The number **π** (/paɪ/; spelled out as "**pi**") is a mathematical constant, approximately equal to 3.14159. It is defined in Euclidean geometry[a] as the ratio of a circle's circumference to its diameter, and also has various equivalent definitions. The number appears in many formulas in all areas of mathematics and physics. The earliest known use of the Greek letter π to represent the ratio of a circle's circumference to its diameter was by Welsh mathematician William Jones in 1706.[1] It is also referred to as **Archimedes's constant**.[2][3]

Being an irrational number, π cannot be expressed as a common fraction, although fractions such as .mw-parser-output .sfrac{white-space:nowrap}.mw-parser-output .sfrac.tion,.mw-parser-output .sfrac .tion{display:inline-block;vertical-align:-0.5em;font-size:85%;text-align:center}.mw-parser-output .sfrac .num,.mw-parser-output .sfrac .den{display:block;line-height:1em;margin:0 0.1em}.mw-parser-output .sfrac .den{border-top:1px solid}.mw-parser-output .sr-only{border:0;clip:rect(0,0,0,0);height:1px;margin:-1px;overflow:hidden;padding:0;position:absolute;width:1px}22/7 are commonly used to approximate it. Equivalently, its decimal representation never ends and never settles into a permanently repeating pattern. Its decimal (or other base) digits appear to be randomly distributed, and are conjectured to satisfy a specific kind of statistical randomness.

It is known that π is a transcendental number:[2] it is not the root of any polynomial with rational coefficients. The transcendence of π implies that it is impossible to solve the ancient challenge of squaring the circle with a compass and straightedge.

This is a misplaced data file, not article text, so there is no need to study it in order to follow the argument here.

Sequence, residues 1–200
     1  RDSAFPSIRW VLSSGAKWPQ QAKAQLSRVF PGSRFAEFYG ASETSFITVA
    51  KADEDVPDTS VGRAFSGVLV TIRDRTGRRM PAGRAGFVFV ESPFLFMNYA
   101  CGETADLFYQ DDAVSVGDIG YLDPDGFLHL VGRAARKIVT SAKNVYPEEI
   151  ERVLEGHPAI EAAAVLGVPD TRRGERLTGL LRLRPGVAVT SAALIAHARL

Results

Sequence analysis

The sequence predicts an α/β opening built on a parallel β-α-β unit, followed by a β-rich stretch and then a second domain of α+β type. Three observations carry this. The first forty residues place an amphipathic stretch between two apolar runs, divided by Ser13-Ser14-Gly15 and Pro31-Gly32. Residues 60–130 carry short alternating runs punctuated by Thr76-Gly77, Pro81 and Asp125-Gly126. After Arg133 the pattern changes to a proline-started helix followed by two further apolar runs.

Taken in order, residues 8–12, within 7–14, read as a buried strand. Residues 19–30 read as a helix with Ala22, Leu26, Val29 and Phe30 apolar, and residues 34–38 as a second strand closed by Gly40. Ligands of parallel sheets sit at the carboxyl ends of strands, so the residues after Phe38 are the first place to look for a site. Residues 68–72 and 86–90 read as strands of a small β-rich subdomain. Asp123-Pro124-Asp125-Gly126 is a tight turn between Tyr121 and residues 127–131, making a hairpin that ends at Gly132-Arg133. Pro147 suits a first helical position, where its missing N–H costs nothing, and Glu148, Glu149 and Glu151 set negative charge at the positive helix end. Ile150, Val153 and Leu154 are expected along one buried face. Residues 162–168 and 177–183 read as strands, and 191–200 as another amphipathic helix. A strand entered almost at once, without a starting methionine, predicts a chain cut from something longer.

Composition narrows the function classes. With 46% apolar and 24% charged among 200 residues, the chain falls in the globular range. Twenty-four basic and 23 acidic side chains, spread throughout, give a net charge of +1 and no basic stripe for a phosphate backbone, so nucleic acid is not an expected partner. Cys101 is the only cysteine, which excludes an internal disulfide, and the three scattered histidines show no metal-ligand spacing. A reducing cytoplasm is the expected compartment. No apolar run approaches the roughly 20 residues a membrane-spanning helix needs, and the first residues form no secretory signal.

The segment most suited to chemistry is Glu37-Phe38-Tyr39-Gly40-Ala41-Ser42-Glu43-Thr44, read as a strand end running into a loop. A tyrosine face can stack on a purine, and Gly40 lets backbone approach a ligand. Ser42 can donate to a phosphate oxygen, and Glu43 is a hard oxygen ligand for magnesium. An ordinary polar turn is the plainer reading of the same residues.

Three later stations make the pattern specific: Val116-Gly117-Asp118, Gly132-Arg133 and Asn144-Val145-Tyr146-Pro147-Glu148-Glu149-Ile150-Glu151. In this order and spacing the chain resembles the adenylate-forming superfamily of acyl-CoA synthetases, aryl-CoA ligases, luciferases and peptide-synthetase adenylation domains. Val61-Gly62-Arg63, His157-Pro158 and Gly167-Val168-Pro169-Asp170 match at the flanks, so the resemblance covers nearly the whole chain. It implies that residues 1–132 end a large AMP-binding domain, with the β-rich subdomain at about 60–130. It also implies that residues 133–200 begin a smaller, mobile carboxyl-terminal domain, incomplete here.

Ancient civilizations, including the Egyptians and Babylonians, required fairly accurate approximations of π for practical computations. Around 250 BC, the Greek mathematician Archimedes created an algorithm to approximate π with arbitrary accuracy. In the 5th century AD, Chinese mathematics approximated π to seven digits, while Indian mathematics made a five-digit approximation, both using geometrical techniques. The first computational formula for π, based on infinite series, was discovered a millennium later, when the Madhava–Leibniz series was discovered by the Kerala school of astronomy and mathematics, documented in the Yuktibhāṣā, written around 1530.[4][5]

The invention of calculus soon led to the calculation of hundreds of digits of π, enough for all practical scientific computations. Nevertheless, in the 20th and 21st centuries, mathematicians and computer scientists have pursued new approaches that, when combined with increasing computational power, extended the decimal representation of π to many trillions of digits.[6][7] The primary motivation for these computations is as a test case to develop efficient algorithms to calculate numeric series, as well as the quest to break records.[8][9] The extensive calculations involved have also been used to test supercomputers and high-precision multiplication algorithms.